Ezra: New spy case won't harm U.S.-Israel ties
Ex-U.S. Army engineer Ben-Ami Kadish, 84, held for suspected nuclear espionage; says he was helping Israel.
Environment Minister and former senior security official Gideon Ezra said Wednesday that he does not believe Israel's relations with the U.S. will suffer in light of revelations that an American Army engineer spied for Israel in the 1980s.
"Our strategic relationship with the United States is stronger than this," Ezra, a former deputy head of the Shin Bet security services, told Israel Radio.
Ben-Ami Kadish was arrested Tuesday on charges that he spied for Israel over 20 years ago.
But the former head of the Mossad espionage agency, Labor MK Danny Yatom, said Wednesday that the arrest had touched a nerve with Washington.
"I think what primarily bothers the Americans is the feeling that Israel didn't tell them the whole truth two decades ago, in 1985, when the Pollard affair exploded," Yatom told Army Radio.
The 84-year-old Kadish was to be charged with slipping classified documents about nuclear weapons, fighter jets and air defense missiles to an Israeli Consulate employee who also received information from convicted spy Jonathan Pollard, authorities said.
Kadish acknowledged his spying in FBI interviews, and said he acted out of a belief that he was helping Israel, court papers said
Yatom added: "The Americans asked if there are additional people that Israel ran or are running in the United States. The answer, to the best of my knowledge, was always no," Yatom said.
"If what has been reported is true, and it appears it is true, and Ben-Ami Kadish kept in touch with what the Americans described as his old handler in Israel, I can call it unnecessary stupidity," the Labor MK said.
A U.S. citizen, Kadish was scheduled to appear in U.S. District Court in Manhattan on Tuesday, where he was facing four counts of conspiracy, including allegations that he conspired to disclose U.S. national defense documents to Israel, and that he acted as an agent of the Israeli government.
According to the criminal complaint, the activities occurred from 1979 through 1985 while the Connecticut-born Kadish worked at the U.S. Army's Armament Research, Development and Engineering Center in Dover, New Jersey.
Yuval Steinitz, another official with inside knowledge of Israel's intelligence services, did not deny a second spy had operated in the U.S. in parallel with Pollard - but insisted such espionage ceased long ago.
"The Americans know... that since Pollard was exposed in 1985, Israel doesn't recruit agents or receive classified material [in] the United States," said Steinitz, a former chairman of the Knesset Foreign Affairs and Defense Committee.
Pensioner Affairs Minister Rafi Eitan, a former Mossad official who recruited Pollard to spy for Israel, said he was not aware of the Kadish case.
"I have no idea," he said. "This is the first time I've heard about it. I'll go listen to the news."
When asked whether he recognized Kadish's name, Eitan repeated, "I have no idea."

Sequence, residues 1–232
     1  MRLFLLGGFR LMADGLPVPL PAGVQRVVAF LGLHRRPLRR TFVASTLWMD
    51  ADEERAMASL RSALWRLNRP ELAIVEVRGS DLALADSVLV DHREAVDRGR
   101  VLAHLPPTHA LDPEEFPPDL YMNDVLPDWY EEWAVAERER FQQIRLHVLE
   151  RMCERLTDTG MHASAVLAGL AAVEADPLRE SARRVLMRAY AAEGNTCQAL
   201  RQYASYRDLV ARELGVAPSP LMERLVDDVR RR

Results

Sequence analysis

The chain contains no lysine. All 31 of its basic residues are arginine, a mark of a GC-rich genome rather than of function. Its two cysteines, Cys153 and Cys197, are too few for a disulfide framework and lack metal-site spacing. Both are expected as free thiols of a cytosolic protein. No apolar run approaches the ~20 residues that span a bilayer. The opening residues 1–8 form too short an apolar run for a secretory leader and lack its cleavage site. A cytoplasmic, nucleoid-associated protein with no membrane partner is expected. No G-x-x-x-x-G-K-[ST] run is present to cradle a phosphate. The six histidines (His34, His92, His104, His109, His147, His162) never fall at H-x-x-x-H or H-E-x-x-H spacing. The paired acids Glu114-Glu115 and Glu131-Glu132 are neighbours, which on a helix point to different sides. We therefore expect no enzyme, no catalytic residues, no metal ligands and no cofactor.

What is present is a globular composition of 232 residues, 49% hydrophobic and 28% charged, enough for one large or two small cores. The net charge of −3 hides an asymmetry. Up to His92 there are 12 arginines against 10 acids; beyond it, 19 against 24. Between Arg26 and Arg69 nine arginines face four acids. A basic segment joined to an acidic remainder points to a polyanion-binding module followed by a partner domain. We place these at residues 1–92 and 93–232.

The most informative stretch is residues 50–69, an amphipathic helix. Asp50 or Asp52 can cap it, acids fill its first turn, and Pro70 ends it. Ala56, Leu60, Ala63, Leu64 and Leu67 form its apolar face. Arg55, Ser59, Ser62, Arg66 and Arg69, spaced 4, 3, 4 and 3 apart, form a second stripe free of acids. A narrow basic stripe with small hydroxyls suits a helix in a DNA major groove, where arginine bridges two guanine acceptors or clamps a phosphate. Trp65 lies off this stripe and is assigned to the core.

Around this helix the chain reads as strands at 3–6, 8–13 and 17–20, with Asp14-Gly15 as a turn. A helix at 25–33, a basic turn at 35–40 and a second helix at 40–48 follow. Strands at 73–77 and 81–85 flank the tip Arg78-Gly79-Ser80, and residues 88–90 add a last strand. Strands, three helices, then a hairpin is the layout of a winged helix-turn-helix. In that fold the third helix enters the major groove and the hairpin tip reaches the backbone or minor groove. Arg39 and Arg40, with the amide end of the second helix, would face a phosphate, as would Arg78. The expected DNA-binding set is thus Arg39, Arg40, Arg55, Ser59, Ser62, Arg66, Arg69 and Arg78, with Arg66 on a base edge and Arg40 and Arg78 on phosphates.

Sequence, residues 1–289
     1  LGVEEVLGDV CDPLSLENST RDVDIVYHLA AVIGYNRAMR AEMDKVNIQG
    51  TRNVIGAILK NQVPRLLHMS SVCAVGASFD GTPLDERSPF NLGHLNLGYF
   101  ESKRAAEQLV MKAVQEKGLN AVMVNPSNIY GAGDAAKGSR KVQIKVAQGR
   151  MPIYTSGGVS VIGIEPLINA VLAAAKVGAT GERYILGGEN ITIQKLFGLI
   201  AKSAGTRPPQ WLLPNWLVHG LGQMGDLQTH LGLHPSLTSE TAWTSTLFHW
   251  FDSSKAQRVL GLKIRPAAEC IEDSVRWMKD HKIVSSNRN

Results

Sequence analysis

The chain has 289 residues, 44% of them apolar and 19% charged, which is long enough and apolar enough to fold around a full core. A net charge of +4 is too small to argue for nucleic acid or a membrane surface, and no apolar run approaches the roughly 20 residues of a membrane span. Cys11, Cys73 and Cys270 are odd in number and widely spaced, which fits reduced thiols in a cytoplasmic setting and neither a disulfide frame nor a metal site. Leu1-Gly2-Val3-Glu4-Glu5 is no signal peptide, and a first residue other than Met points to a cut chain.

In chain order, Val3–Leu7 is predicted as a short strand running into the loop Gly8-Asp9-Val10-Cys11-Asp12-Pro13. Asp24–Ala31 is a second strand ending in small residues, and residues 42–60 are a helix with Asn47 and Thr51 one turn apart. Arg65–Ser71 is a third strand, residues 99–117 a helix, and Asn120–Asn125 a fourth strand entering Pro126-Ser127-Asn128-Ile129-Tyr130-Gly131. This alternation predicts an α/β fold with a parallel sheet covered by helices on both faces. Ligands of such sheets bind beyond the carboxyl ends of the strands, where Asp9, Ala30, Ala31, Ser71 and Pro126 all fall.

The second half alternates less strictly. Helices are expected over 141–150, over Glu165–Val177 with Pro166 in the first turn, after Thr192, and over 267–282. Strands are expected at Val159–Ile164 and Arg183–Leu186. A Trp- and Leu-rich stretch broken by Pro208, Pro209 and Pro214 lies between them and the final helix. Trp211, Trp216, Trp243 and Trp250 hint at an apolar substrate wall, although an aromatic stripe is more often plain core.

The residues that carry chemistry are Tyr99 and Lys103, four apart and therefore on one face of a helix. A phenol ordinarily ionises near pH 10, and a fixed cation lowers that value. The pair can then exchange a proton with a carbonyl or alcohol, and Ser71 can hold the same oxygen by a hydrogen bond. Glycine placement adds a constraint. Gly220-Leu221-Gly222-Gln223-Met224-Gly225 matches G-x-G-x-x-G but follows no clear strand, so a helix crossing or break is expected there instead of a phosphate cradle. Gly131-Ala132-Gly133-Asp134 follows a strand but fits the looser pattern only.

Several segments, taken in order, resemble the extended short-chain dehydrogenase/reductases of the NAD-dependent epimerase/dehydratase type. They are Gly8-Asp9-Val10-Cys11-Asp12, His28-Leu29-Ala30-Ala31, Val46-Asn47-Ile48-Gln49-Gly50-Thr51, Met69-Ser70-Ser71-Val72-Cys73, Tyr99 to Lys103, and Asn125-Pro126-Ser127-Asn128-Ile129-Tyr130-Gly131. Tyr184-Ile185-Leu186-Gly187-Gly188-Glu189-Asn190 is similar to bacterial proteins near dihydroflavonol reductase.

Foreign Ministry spokesman Arye Mekel issued a response Wednesday, saying "since 1985, a great deal of care has gone into following the guidelines of every prime minister in Israel, which prohibit this kind of activity in the United States."
"The relations between Israel and the United States have always been based on true friendship and similarity of values and interests," he added.
The Prime Minister's Bureau said Tuesday that Israel was not familiar with the details of the case, and was examining the issue. Israeli officials fear that the case might strain Israel-U.S. relations.
Kadish was accused of taking home classified documents several times and letting the Israeli government worker photograph them in Kadish's basement. The documents included information about nuclear weapons, a modified F-15 fighter jet, and the U.S. Patriot missile air defense system, the complaint said.
According to the complaint, the Israeli government worker often provided Kadish with lists of wanted classified national defense documents.
Prosecutors also allege Kadish conspired to hinder a communication with a law enforcement officer, and making a materially false statement to a law enforcement officer.
Those charges stem from a conversation in which Kadish was allegedly told by the Israeli contact to lie to U.S. law enforcement agents and tell them that he didn't remember many of the relevant details. A day later, Kadish lied to FBI agents about his communications with the Israeli worker, the complaint said.
According to U.S. law enforcement officials and various documents, Kadish got in touch with his Israeli contact after Israel agreed in 2004 to secretly acknowledge to American officials that Pollard was not an isolated case, thereby confirming longtime American suspicions that Pollard was not the only American spy working for Israel.
Kadish admitted spying for Israel between 1979 and 1985, and then asked his Israeli contact what to do.
The complaint said Kadish did not appear to receive any money in exchange for his suspected spying, just small gifts and restaurant meals.
The complaint noted that Pollard was charged in November 1985 with espionage-related offense after he provided classified information to the same Israeli worker, among other people.